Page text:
Washington Acknowledging mistakes but stopping short of an apology, President Bush told the Arab world on Wednesday that Americans were appalled by the abuse and deaths of Iraqi prisoners at the hands of U.S. soldiers. He promised that "justice will be delivered."
"The people in the Middle East must understand that this was horrible," Bush said, trying to calm international outrage. He went on two Arabic-language television networks to take charge of the administration's damage-control efforts.
Bush said he retained confidence in Defense Secretary Donald Rumsfeld, but White House aides said the president let the secretary know he was not satisfied with the way he was informed about the unfolding controversy. In particular, Bush was unhappy he was not told about incriminating pictures before they were shown on television or about a 2-month-old Pentagon report before it turned up in the news.
Rumsfeld did not know about the images until CBS aired them April 28, a senior White House official said.
Bush also said he learned of the photographs of the alleged abuse when the rest of the world did. "First time I saw or heard about pictures was on TV," Bush told the Al-Hurra television network.
The difficulty of Bush's task became clear in the first question of a television interviewer who said the evidence of torture made many Arabs believe that the United States was no better than Saddam Hussein's government, notorious for torture and murder. The president murmured under his breath at the comparison.
Bush said the abuses were "terrible" for America's image abroad. "I think people in the Middle East who want to dislike America will use this as an excuse to remind people about their dislike," he told Al-Arabiya television, a satellite channel based in Dubai, United Arab Emirates, that is popular around the Arab world.
Six months before the U.S. election, the prisoner-abuse controversy poses a major problem for Bush, already on the defensive about rising American casualties and persistent violence.
Report of new photos
The Washington Post, in an article on its Web site Wednesday night, said it had obtained a new batch of more than 1,000 digital photos from Iraq. The newspaper said the photos ranged from snapshots depicting everyday military life to graphic images of what appeared to be naked prisoners sprawled on top of one another with soldiers standing nearby.
Angry lawmakers called Rumsfeld to Capitol Hill to testify on Friday while Senate leaders -- Republicans and Democrats alike -- discussed a Senate resolution to condemn the abuses. The number of prisoner deaths in Iraq and Afghanistan known to be under U.S. investigation or already blamed on Americans rose to as many as 14.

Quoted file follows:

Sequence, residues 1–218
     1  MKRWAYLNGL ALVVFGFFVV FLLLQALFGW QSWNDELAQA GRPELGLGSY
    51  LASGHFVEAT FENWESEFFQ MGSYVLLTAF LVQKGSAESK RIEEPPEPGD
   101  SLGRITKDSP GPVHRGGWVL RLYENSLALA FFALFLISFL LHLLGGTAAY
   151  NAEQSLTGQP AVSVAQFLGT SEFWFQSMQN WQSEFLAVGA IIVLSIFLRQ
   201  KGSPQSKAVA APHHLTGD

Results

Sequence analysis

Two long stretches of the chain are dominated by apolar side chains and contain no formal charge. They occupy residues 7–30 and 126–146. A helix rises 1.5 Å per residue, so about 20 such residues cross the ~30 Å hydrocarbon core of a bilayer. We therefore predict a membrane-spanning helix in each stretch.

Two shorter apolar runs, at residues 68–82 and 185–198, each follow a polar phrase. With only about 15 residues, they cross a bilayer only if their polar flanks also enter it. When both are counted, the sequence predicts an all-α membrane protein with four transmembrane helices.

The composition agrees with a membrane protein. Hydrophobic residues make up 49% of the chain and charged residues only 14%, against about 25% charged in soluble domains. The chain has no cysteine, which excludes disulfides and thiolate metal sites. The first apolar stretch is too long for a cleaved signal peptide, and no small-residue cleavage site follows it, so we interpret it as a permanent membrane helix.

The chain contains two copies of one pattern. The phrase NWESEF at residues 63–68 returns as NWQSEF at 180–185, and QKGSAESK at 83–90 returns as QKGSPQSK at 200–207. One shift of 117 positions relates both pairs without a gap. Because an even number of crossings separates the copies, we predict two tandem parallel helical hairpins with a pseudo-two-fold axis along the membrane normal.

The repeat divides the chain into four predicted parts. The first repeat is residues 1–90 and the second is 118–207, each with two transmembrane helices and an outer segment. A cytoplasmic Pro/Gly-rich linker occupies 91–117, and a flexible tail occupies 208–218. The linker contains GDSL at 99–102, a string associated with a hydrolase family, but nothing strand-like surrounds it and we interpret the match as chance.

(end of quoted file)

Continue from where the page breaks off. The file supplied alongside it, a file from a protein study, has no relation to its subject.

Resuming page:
Sen. John Kerry, Bush's Democratic rival, said the president's remarks were not enough. "The president of the United States needs to offer the world an explanation and needs to take appropriate responsibility," he said. "And if that includes apologizing for the behavior of those soldiers and what happened, they ought to do that."
Interviewed on the U.S.-sponsored Al-Hurra television network, Bush said that Iraqis "must understand that I view those practices as abhorrent. They must also understand that what took place in that prison does not represent the America that I know." Most U.S. soldiers are "good, honorable citizens that are helping the Iraqis every day," Bush said.
While Bush did not offer an apology, Condoleezza Rice, his national security adviser, had said Tuesday that "we are deeply sorry for what has happened," and the commander of U.S.-run prisons in Iraq, Maj. Gen. Geoffrey Miller, apologized Wednesday for the "illegal or unauthorized acts" of U.S. soldiers.
"We've already said that we're sorry for what occurred and we're deeply sorry to the families and what they must be feeling and going through as well," White House press secretary Scott McClellan said. "The president is sorry for what occurred and the pain it has caused."
Asked why Bush himself had not apologized, McClellan said: "I'm saying it now for him."
There was mixed reaction in the region to Bush's remarks.
Sami Ibrahim, a 24-year-old Egyptian real estate agent, said, "I won't believe what he says. I don't trust their intentions anyway."
But Raad Youssef, a 49-year-old teacher in Baghdad, said that during Saddam's rule, "there were many genocides that were committed and nobody dared to reveal them at that time, and now officials of the former regime did not try to apologize. Bush's attempt to repair the damage is a good thing in my opinion."